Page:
Matters of race

Museum of Contemporary Art of Georgia ends year on a high note

There is no clearer example of white America's twisted love-hate aversion and attraction to black America than the minstrel act. An enormously popular American show biz tradition since the mid-19th century, minstrelry featured whitey applying black face and the dress and manner of "authentic black folk" and merrily wallowing in the resulting stereotypes.

The minstrel has been called variously a parody, an homage, racist, a misguided tribute and a reduction of "black" to some sentimentalized or hateful shtick.

Los Angeles artist Mark Steven Greenfield makes artworks that use 19th- and 20th-century photographs of minstrel performers as signposts on an intimate tour of our freakish cultural history.

Combined with Greenfield's damning text of mock-rapper vernacular overlaying the image as in "Whatchoolookinat- muthafukkah," these relics become even more troubling commentaries on current black stereotypes presented in rap music or movies. The minstrel may or may not have been the precursor to today's white boy in sagging pants, knit cap and homeboy shuffle.

Greenfield is one of 18 artists from across the country featured in The Museum of Contemporary Art of Georgia's Color Culture Complexity. Curated by Dan R. Talley and Ed Spriggs, it is the first truly provocative show in the museum's inaugural season.

Greenfield's works are also some of the most shocking images in this race-centered show. They reveal a forgotten form of caricature that reminds us of how bizarrely and parasitically connected white culture is to the black culture it often reviles.

The same sense of intimacy laced with cruelty that defines American race relations can be seen in another photographic relic in Lisa Tuttle's appropriated snapshot "Billy and the Maid" of a sturdy black domestic, whose name is tellingly never given, toting a pudgy white baby to a sandy lakeside beach.

Vintage photographs provide some of the meatiest and most damning evidence of racism's foundation in Color, as seen in Sally Grizzell Larson's deconstruction of a now-infamous image of the lynching of two black men. By focusing on extreme close-ups of the white spectators isolated from the lynching crowd, Larson makes a gory spectacle into a chilling, measured indictment of the real crime: the impassive faces of the onlookers.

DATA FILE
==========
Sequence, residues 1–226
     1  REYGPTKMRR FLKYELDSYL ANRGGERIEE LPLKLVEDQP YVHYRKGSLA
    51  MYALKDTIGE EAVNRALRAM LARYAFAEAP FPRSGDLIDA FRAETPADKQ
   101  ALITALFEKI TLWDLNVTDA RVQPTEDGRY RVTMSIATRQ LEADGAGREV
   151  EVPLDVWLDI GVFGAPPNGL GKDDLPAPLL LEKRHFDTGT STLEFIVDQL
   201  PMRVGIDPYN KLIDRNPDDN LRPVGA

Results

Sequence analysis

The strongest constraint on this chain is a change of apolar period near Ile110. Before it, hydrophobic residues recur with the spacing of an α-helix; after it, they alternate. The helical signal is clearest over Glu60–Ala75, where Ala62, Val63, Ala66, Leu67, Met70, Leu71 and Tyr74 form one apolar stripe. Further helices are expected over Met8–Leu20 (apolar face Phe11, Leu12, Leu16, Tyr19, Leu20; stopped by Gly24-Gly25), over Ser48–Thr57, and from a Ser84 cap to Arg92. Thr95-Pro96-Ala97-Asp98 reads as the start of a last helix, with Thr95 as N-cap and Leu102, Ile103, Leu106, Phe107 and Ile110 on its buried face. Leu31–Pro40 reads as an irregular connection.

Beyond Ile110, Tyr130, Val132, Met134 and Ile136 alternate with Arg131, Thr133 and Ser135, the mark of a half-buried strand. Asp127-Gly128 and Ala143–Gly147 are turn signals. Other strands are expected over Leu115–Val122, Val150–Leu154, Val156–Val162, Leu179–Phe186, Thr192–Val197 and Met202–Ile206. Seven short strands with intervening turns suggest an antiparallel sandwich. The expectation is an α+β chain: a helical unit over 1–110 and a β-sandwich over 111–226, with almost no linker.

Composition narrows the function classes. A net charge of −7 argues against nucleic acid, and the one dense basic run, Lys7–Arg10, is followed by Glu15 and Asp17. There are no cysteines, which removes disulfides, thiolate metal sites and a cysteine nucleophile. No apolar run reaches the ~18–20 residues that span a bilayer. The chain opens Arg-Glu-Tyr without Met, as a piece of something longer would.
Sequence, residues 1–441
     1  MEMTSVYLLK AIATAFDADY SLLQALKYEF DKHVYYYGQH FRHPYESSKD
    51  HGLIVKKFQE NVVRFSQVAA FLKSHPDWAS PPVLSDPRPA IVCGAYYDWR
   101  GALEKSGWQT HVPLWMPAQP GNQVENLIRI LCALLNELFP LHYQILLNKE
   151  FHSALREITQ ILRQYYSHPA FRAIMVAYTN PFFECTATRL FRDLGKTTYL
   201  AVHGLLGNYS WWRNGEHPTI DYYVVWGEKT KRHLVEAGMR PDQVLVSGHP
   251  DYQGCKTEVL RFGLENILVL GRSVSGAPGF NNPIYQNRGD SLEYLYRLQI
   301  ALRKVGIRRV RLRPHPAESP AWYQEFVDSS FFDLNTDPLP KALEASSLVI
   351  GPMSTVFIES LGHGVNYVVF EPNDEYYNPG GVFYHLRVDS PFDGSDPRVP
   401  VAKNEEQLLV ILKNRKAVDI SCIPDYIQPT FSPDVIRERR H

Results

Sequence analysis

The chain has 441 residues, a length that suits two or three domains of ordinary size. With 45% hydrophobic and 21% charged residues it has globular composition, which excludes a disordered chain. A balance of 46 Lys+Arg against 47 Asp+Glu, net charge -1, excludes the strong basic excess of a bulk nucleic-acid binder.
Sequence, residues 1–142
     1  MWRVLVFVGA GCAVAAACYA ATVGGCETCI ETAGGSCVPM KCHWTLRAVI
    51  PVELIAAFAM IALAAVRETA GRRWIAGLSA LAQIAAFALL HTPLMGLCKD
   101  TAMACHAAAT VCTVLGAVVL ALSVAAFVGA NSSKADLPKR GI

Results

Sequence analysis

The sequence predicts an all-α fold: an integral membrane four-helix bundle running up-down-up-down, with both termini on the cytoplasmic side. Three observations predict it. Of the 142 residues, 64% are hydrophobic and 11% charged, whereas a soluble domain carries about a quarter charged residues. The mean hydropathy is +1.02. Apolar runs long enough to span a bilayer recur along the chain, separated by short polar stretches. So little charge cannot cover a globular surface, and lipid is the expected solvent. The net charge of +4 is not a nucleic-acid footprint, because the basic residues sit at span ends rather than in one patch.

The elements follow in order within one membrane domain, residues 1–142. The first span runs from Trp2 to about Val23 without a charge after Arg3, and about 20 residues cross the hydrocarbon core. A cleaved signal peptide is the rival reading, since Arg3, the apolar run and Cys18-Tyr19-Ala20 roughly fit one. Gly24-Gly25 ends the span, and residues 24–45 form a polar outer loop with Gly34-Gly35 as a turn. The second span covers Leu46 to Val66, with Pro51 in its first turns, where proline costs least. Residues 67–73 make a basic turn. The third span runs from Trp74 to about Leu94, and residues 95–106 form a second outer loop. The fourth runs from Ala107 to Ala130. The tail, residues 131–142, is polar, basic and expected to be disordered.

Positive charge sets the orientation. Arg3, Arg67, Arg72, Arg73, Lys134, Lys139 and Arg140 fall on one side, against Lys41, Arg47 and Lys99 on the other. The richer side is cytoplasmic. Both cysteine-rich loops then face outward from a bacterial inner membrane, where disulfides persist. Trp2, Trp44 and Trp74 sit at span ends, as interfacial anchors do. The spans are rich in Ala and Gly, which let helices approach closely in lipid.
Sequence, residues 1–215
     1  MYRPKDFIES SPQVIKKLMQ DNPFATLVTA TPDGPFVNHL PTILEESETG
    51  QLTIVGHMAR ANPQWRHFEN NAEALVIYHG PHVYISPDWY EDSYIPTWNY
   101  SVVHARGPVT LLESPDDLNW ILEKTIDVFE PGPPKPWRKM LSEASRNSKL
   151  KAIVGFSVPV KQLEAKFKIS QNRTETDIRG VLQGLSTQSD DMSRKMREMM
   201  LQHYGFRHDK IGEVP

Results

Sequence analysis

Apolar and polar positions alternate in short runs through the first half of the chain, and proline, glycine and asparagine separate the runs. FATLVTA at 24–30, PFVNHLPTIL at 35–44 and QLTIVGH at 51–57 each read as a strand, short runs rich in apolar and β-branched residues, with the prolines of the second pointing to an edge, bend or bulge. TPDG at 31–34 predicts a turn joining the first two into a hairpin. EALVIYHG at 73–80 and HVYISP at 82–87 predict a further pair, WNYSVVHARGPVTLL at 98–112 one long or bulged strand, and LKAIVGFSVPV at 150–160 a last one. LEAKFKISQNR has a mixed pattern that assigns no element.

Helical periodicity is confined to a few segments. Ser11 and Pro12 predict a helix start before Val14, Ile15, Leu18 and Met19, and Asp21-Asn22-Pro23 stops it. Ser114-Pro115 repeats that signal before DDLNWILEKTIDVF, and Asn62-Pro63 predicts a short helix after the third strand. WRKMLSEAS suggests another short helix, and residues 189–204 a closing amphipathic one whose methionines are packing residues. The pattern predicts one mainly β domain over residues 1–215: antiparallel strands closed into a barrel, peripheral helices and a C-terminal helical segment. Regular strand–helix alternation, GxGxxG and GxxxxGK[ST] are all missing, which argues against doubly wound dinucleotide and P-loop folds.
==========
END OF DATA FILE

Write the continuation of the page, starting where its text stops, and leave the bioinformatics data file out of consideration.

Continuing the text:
Black viewers will undoubtedly feel vindicated by much of the work on display in Color Culture Complexity. But white viewers have a greater range of options to choose from: enlightenment, understanding, accusation, guilt, defensiveness, anger.

Artist Bradley Bullock produces didactic work that at times short-circuits understanding by inspiring defensiveness. Nowhere is Bullock's accusatory meaning clearer than in a wooden cutout of a Klansmen with a hole cut, fairground style, so viewers can insert their own faces. The "Your Face Here?" query of the title makes the work not only clodhopper literal but off-putting and confrontational in a not necessarily enlightening way.

Other works by Bullock carry a similar sense of rage but with a greater insight into how we are — if not potential Klansmen — at least primed for racism at some point in our childhood. In "Child's Play?" Bullock has provided a selection of cheapo "tasteless joke books" for viewers to flip through in a niche of the museum wallpapered with black-and-white yearbook photographs of middle school-age kids. Bullock makes an unmistakably convincing point about how the gay, black, Mexican, etc. put-downs contained in the books — the kind of callous humor beloved by adolescent boys — becomes an early tutorial in cruel stereotypes that tend to linger beyond the Wonder Years. Instead of assigning blame in an obvious way, "Child's Play?" offers a keyhole glimpse into our common histories: the first time as children we saw, spoke or experienced racism.

New York artist Perry Bard's video "Joan Henry" works on a far more human scale. Three generations of black women recount how moments of racism in their own lives carry lingering consequences. Bard makes viewers immediately understand how deeply racism wounds and how prolonged its effects are, contaminating a family's hope like some dormant cancer cell.

Personal stories like these carry the greatest wallop in Color, especially when seen next to conceptual works like James A. Rose's or Adia Millett's, which can register as academic and cold by comparison.

Some of the most personal expressions of love, misunderstanding, confusion and tenderness appear in Robert Stewart's works, which describe his interracial relationship with a black woman. Stewart's meditations are presented as confessions told to a priest or God and superimposed on iris prints of travel-style snapshots and souvenir keepsakes. These sentimental mementoes are a clever way of showing this black-white relationship as a kind of metaphorical travel. Stewart's is a journey of self-discovery and also into the mysterious arms of the Other.

Stewart's realistically muddled, imperfect, easily misconstrued sentiments show how things are rarely as clear cut as they seem when it comes to black and white. Race is often America's most persistent, bloody battleground. But, as Stewart's complex work suggests, it is just as often a prolonged and ugly lover's quarrel founded on both anger and intimacy, in which even the best intentions can be offensive or misinterpreted.